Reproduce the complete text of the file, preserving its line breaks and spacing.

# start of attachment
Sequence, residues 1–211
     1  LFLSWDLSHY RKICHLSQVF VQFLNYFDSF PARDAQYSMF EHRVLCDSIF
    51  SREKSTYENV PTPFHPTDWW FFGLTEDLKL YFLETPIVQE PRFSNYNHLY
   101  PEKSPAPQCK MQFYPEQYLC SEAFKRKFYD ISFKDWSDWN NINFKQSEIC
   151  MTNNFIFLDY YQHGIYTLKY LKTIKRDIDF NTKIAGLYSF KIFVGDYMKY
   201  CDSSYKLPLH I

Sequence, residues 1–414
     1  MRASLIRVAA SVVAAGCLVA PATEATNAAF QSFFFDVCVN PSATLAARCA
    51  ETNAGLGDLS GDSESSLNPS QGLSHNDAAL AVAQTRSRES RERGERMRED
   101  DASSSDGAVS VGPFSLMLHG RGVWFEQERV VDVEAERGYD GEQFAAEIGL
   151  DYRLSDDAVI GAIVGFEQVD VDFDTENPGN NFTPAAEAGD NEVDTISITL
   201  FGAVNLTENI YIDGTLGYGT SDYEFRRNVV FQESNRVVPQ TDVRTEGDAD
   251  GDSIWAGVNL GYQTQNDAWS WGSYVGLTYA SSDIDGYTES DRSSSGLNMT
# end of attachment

Sequence, residues 1–211
     1  LFLSWDLSHY RKICHLSQVF VQFLNYFDSF PARDAQYSMF EHRVLCDSIF
    51  SREKSTYENV PTPFHPTDWW FFGLTEDLKL YFLETPIVQE PRFSNYNHLY
   101  PEKSPAPQCK MQFYPEQYLC SEAFKRKFYD ISFKDWSDWN NINFKQSEIC
   151  MTNNFIFLDY YQHGIYTLKY LKTIKRDIDF NTKIAGLYSF KIFVGDYMKY
   201  CDSSYKLPLH I

Sequence, residues 1–414
     1  MRASLIRVAA SVVAAGCLVA PATEATNAAF QSFFFDVCVN PSATLAARCA
    51  ETNAGLGDLS GDSESSLNPS QGLSHNDAAL AVAQTRSRES RERGERMRED
   101  DASSSDGAVS VGPFSLMLHG RGVWFEQERV VDVEAERGYD GEQFAAEIGL
   151  DYRLSDDAVI GAIVGFEQVD VDFDTENPGN NFTPAAEAGD NEVDTISITL
   201  FGAVNLTENI YIDGTLGYGT SDYEFRRNVV FQESNRVVPQ TDVRTEGDAD
   251  GDSIWAGVNL GYQTQNDAWS WGSYVGLTYA SSDIDGYTES DRSSSGLNMT